When you don’t sleep enough, your brain raises ghrelin and reduces leptin, likely as a method to replenish energy levels in some other way. This alteration in hormone levels may be why you find yourself needing a late-night snack, but it can also contribute to overeating.

The fatigue associated with sleep deprivation may also make you feel too tired to exercise, with a continual lack of physical exercise potentially contributing to weight gain. 

Disease Risk Increases

The risk of multiple diseases can increase if you’re sleep-deprived. 

Those who do not get enough sleep are more likely to get cardiovascular disease because sleep promotes the processes that protect your heart and blood vessels. Specifically, these processes keep blood sugar, blood pressure, and inflammation at a normal level. Without sleep, these levels can become irregular, damaging the cardiovascular system

The risk of type 2 diabetes also goes up if you’re sleep-deprived. This is because sleep deprivation is associated with insulin resistance, with insulin being a hormone crucial for processing glucose in the body. With insulin resistance, your blood sugar level can rise, leading to diabetes. For those who already have diabetes, sleep deprivation can make it harder to manage.

Tips for Getting More Sleep

Sleeping isn’t equivalent to laziness. Our bodies need enough sleep each night to fully recover from the day and prepare for the next one, so you’re doing your body a disservice if you don’t let it sleep for long enough. With health repercussions that include greater accident and disease risk, sleep deprivation may even be life-threatening.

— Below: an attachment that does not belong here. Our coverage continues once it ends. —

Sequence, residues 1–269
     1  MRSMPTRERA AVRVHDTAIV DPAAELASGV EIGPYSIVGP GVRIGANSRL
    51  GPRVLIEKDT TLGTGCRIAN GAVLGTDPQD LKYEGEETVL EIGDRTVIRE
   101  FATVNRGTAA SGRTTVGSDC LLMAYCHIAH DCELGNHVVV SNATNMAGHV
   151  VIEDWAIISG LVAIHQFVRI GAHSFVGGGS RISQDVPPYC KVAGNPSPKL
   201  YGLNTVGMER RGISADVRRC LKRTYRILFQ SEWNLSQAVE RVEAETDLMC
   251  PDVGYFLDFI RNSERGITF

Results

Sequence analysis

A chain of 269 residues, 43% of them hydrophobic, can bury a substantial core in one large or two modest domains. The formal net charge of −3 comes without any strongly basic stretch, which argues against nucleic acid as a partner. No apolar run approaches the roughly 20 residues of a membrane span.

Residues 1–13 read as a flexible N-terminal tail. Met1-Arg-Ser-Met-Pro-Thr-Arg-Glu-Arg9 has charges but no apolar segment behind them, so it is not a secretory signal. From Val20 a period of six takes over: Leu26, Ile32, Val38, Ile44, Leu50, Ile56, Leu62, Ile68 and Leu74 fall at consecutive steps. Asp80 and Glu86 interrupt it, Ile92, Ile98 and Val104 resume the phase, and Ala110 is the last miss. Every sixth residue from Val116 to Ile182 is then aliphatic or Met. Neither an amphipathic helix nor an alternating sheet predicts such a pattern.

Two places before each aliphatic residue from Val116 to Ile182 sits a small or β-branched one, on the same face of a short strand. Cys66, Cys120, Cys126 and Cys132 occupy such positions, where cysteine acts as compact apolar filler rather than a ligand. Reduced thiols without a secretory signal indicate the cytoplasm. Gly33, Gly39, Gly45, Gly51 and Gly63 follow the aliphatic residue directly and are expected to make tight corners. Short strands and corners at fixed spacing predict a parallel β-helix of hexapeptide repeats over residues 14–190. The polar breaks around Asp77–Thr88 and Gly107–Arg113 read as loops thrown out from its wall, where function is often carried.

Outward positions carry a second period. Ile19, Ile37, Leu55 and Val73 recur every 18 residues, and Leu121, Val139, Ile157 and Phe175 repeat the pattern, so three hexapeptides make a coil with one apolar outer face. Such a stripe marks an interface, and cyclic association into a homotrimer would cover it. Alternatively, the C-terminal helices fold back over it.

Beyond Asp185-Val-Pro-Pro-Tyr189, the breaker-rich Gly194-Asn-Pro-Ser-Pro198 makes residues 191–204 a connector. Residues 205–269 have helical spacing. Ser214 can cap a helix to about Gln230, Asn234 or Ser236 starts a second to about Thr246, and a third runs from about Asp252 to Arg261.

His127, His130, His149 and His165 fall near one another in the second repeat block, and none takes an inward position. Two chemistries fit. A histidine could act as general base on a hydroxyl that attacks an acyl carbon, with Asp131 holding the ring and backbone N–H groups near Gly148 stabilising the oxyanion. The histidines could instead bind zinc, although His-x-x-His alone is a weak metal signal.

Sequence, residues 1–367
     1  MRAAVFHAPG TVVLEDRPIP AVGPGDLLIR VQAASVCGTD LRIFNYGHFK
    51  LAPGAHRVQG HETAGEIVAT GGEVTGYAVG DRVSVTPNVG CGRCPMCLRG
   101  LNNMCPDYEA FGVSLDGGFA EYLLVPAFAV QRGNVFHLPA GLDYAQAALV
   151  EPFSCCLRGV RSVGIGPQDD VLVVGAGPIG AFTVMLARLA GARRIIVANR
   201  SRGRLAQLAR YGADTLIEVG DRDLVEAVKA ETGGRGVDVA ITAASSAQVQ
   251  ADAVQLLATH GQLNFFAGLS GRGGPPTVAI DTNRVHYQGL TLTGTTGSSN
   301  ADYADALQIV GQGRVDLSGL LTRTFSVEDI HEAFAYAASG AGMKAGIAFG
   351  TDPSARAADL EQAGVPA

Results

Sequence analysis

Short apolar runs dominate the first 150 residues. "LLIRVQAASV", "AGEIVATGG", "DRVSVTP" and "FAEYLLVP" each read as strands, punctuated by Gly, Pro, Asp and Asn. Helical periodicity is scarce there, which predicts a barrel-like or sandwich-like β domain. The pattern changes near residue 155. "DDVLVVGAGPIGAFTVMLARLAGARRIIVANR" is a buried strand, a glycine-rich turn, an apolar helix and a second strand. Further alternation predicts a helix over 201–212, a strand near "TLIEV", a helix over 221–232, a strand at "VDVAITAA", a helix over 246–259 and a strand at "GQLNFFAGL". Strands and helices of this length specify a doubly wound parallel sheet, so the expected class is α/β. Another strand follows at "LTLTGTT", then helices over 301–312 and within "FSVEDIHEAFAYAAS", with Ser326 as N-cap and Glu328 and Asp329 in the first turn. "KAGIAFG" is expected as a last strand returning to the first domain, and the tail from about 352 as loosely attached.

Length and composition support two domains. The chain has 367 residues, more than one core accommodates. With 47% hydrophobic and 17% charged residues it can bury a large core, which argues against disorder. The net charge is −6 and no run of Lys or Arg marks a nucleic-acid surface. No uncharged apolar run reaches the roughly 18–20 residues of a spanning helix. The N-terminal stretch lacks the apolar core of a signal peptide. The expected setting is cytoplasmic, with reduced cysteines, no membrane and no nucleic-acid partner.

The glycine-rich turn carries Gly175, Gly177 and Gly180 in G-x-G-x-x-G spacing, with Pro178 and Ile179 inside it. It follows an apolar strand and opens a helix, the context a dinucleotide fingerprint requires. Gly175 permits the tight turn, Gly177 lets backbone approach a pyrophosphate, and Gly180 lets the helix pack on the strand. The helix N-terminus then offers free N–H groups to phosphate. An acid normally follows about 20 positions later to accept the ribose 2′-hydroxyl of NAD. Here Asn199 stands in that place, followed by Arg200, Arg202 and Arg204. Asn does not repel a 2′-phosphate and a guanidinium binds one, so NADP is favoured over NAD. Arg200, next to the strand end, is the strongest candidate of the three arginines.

If you’re suffering from sleep deprivation, your most important course of action is to get more sleep. There are two tactics for this: giving yourself enough time to sleep and implementing habits that will help you fall asleep. 

Start by determining how much sleep you ideally need each night. Most adults need between 7-9 hours, but the best way to figure out how much sleep you need is to see how long you sleep when you don’t have an alarm going off, such as on the weekend or a day off. 

Once you know how much sleep you need, schedule your bedtime early enough to get that much sleep (and tack on 15 minutes for falling asleep). So, if you need 7 hours of sleep and need to wake up at 6 a.m., you should go to bed at 10:45 p.m. 

Now that you know when to go to bed, do what you can to ensure you’re in bed by this time. 

What about if you give yourself enough time to fall asleep, but you lie awake at night? That’s where good sleep hygiene habits come in, such as:

  • Keeping your bedroom cool, quiet, and dark
  • Avoiding electronics before bed
  • Listening to soothing music
  • Avoiding large meals right before bed
  • Exercising during the day, but not too close to bedtime (ideally, in the morning)
  • Getting sunlight when you first wake up

These habits will help you fall asleep easier so you can guarantee yourself enough sleep each night. 


Written by

Jessica G

Medical writer freelancer who has written hundreds of articles on varying topics. Masters of Engineering degree in Biomedical Engineering.